Days 8–10: Doi Inthanon NP. After another morning birding at Bueng Boraphet, we make our way further north to Doi Inthanon, Thailand’s highest mountain. The “Roof of Thailand” provides spectacular forest birding at a range of different altitudes. The lower mountain is covered by dry, open, deciduous dipterocarp forest. Here we seek one of the cutest raptors in the world, the diminutive Collared Falconet. Black-headed Woodpecker and Chestnut-bellied Nuthatch may also be seen climbing the limbs of these gnarled trees, while Black-backed Forktails haunt the rushing rivulets. Higher up the mountain slopes, dazzling Green and Purple Cochoas are the prized birds in the evergreen forest, where the resident birds are joined by migrant thrushes and warblers at this time of year. On one day we visit the damp sphagnum bog and rhododendron forest at the summit. This is an eerie place in the early morning, but the misty atmosphere is brightened by dazzling Gould’s and Green-tailed Sunbirds and the bold and approachable Chestnut-crowned Laughingthrush. White-browed Shortwings and Slaty-bellied Tesias feed quietly on the damp forest floor. We will stay in a hotel just outside the park for three nights.
Days 11–12: Doi Chiang Dao. Heading north from Chiang Mai, we arrive at the looming limestone massif of Doi Chiang Dao. We bird around an attractive Buddhist temple searching for Pin-tailed Pigeon, Streaked Wren-Babbler, and Black Bulbul. A night walk may also reveal Mountain or Collared Scops-owls. We will also explore the mountain’s upper slopes for the aptly named Giant Nuthatch. If we are extremely lucky we may also track down the elegant Mrs. Hume’s Pheasant. Two nights will be spent close to the mountain.
Days 13–14: Doi Ang Khang. We will head to the flanks of Doi Ang Khang, near the Myanmar border. The local specialties include Limestone Wren-Babbler, Chestnut-headed Tesia, Silver-eared Mesia, Rusty-cheeked Scimitar-babbler, and Spectacled Barwing. Two nights will be spent in this fascinating highland town.
Day 15: Doi Lang. This awesome new birding site has some of the most exciting birding in Thailand: Whiskered Yuhina, Crested Finchbill, and Jerdon’s Bushchat are found there, one of the few sites in the country for these birds. The friendly border soldiers put out fruit for the birds, and the normally skulking Red-faced Liocichla is often bold here. We overnight in nearby Ban Thaton.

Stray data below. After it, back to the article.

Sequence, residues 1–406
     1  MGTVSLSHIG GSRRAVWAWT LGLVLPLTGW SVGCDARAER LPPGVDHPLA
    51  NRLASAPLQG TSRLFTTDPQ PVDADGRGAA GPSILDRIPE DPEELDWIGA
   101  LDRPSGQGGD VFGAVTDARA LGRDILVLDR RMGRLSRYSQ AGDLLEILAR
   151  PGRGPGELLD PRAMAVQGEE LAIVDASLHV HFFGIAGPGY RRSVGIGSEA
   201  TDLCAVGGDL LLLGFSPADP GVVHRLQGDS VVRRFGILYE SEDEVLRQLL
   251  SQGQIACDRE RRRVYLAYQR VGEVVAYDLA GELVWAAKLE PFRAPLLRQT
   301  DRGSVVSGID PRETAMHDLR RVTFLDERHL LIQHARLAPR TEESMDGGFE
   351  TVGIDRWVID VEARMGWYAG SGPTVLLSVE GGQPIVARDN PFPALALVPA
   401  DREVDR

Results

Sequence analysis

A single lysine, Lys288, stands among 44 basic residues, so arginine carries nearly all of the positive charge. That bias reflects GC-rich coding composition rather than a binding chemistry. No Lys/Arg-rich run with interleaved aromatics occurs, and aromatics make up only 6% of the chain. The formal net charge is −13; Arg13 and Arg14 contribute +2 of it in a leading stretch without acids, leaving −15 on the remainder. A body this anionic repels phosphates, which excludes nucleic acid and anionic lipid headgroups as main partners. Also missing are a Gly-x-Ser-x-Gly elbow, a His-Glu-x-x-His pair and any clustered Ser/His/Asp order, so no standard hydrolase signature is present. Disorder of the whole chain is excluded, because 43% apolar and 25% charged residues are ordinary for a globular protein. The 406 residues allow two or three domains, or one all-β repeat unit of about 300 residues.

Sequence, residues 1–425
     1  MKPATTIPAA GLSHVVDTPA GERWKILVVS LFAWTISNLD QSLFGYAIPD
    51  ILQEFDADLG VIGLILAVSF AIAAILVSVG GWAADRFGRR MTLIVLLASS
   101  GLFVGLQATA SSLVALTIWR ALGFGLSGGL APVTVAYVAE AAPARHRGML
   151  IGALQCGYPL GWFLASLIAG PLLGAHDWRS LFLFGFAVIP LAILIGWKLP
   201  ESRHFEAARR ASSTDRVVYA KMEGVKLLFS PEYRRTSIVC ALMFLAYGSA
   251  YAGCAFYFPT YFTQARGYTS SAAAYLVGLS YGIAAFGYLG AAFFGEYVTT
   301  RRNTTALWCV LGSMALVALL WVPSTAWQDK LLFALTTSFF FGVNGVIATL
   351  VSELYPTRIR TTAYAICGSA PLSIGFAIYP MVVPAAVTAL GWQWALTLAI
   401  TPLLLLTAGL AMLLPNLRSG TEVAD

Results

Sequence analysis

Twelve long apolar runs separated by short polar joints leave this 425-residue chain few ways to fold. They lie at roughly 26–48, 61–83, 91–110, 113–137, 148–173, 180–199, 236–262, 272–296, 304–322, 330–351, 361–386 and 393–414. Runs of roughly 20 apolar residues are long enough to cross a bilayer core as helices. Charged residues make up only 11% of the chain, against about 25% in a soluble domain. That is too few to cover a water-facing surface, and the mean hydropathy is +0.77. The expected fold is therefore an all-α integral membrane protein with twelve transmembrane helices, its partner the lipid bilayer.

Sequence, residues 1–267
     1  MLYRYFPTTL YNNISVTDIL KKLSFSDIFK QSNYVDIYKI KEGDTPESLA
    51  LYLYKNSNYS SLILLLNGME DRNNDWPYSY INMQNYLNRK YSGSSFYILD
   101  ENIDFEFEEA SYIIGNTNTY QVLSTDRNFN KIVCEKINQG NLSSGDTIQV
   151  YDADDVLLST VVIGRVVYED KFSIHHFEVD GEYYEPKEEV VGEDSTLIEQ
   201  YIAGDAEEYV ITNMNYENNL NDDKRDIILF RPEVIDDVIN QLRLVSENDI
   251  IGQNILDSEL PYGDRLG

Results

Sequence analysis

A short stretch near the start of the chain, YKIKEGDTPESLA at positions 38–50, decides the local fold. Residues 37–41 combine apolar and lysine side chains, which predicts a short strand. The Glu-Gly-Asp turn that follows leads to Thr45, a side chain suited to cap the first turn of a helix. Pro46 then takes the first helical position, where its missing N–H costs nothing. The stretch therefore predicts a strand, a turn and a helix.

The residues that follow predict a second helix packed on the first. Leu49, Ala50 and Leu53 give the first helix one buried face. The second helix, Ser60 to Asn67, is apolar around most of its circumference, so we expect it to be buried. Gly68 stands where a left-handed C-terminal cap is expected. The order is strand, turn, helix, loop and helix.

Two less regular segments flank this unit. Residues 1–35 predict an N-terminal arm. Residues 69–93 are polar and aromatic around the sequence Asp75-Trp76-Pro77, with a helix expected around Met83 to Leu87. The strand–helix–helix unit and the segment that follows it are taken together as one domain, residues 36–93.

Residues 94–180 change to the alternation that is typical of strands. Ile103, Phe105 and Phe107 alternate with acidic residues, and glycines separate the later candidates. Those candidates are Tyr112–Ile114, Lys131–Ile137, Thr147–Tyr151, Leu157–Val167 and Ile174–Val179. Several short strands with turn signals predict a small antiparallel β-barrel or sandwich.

Day 16: Chiang Saen to Bangkok. We spend our last morning birding the Chiang Saen area looking for River Lapwing, Small Pratincole, Pied Harrier, and a myriad of waterbirds before flying back to Bangkok, where we overnight.
Day 17: Departure. We head to the airport in the morning for departure, or to start the extension.
Peninsula Extension (7 days)
This extension will take in Khao Nor Chuchi (KNC), Krung Ching, and Krabi. KNC is renowned as one of the last sanctuaries for the electric blue, yellow, and black Gurney’s Pitta. This fabulous, rare bird has been recently rediscovered in Myanmar, but southern Thailand still remains the only accessible place where this wonderful bird can be seen. Other residents, such as Banded Pitta, Banded Kingfisher and Diard’s Trogon, are equally appealing. Next we will head to Krung Ching looking for Malaysian Rail-Babbler and Great Argus. Returning to Krabi, we cruise the coastal mangroves seeking out Brown-winged Kingfisher and the crab-smashing Mangrove Pitta for a fitting finale to this first rate Southeast Asian destination.
Day 1 – Fly from Bangkok to Krabi. Drive to Tha Sala
Day 2 - Krung Ching
Day 3 - Krung Ching to Khao Nor Chuchi
Day 4 - Khao Nor Chuchi
Day 5 - Khao Nor Chuchi
Day 6 - Khao Nor Chuchi
Day 7 - Krabi to Bangkok
CLIMATE: Warm and humid in the lowlands, cool to cold in the mountains.
DIFFICULTY: Easy, some walking on good trails is required.
ACCOMMODATION: Good hotels throughout.